James Bond star Daniel Craig made a surprise visit to the Nürburgring race track in Germany this past weekend to take part in a special drive event celebrating Aston Martin’s centenary this year
Craig hopped behind the wheel of an Aston Martin DB5
used during the filming of the latest Bond flick Skyfall
, and completed a lap of the ‘Ring together with 99 other Aston Martins including the new CC100 Speedster concept car
, a One-77 supercar and an original 1959 DBR1.
Driving the DBR1 was none other than Sir Stirling Moss, who had previously driven the open-top race car to victory in a 1,000-kilometer race at the Nürburgring back in 1959. Driving the CC100 Speedster, meanwhile, was Aston Martin CEO Dr. Ulrich Bez.
Other cars taking part in the parade were a 1951 DB2/4 Drophead, a 1953 DB3 and a modern 2014 Vanquish Centenary Edition
These were followed by scores of enthusiast owners who had travelled from across the globe to take part in the iconic gathering of Aston Martins.
“To see so many of our great cars together on the Nordschleife, the Green Hell where we test and develop our modern road cars, was, I hope, truly memorable for the spectators and drivers,” Bez said after the drive. “It was a great pleasure, too, to see Sir Stirling Moss back at the circuit driving the DBR1 in which he triumphed here more than 50 years ago.”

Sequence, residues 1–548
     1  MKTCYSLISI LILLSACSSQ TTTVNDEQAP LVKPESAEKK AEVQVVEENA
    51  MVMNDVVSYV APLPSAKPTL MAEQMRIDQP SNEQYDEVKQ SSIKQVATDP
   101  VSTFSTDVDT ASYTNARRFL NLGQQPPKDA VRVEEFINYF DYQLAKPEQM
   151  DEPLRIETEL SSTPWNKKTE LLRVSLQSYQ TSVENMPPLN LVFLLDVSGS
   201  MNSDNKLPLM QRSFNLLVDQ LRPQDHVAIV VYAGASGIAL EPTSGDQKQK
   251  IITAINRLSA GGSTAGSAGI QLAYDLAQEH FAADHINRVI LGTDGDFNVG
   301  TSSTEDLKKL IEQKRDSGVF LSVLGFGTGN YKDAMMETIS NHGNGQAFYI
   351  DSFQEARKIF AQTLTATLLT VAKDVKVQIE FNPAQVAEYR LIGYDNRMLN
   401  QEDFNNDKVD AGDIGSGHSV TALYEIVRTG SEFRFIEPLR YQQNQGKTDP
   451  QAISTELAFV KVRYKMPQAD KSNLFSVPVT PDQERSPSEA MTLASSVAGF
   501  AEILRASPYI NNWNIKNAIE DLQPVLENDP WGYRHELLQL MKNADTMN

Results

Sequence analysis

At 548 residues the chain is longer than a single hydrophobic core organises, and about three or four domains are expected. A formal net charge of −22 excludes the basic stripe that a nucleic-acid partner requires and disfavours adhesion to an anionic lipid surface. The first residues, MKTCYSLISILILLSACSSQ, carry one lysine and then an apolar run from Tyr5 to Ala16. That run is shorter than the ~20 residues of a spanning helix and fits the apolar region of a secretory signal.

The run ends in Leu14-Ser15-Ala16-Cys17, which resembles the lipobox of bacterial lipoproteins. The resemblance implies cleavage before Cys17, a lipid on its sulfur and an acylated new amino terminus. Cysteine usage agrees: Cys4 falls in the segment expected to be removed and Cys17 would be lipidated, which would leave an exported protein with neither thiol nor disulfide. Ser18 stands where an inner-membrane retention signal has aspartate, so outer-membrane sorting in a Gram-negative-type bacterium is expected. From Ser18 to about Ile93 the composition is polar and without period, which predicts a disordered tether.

In related news, Aston Martin made history by driving its Hybrid Hydrogen Rapide S
with zero CO2 emissions for a complete lap during an international motorsport event, in this case the Nürburgring 24 Hours
which also took place this past weekend.
The prototype race car, which is powered by a twin-turbocharged version of the Rapide’s 6.0-liter V-12 capable of running on gasoline or pure hydrogen, was developed with the support of renewable energy experts Alset Global to showcase Aston Martin’s commitment to engineering innovation in its centenary year.
But the world firsts don’t end there. A unique Aston Martin DB4GT recently sold at auction for 3.25 million British pounds (approximately $4.9 million), the highest ever price paid for an Aston Martin at auction. The special DB4GT, nicknamed The Jet, was the last DB4GT to be built. It is the only one of its kind, with coachwork by Italian design house Bertone, and made its debut at the 1961 Geneva Motor Show.
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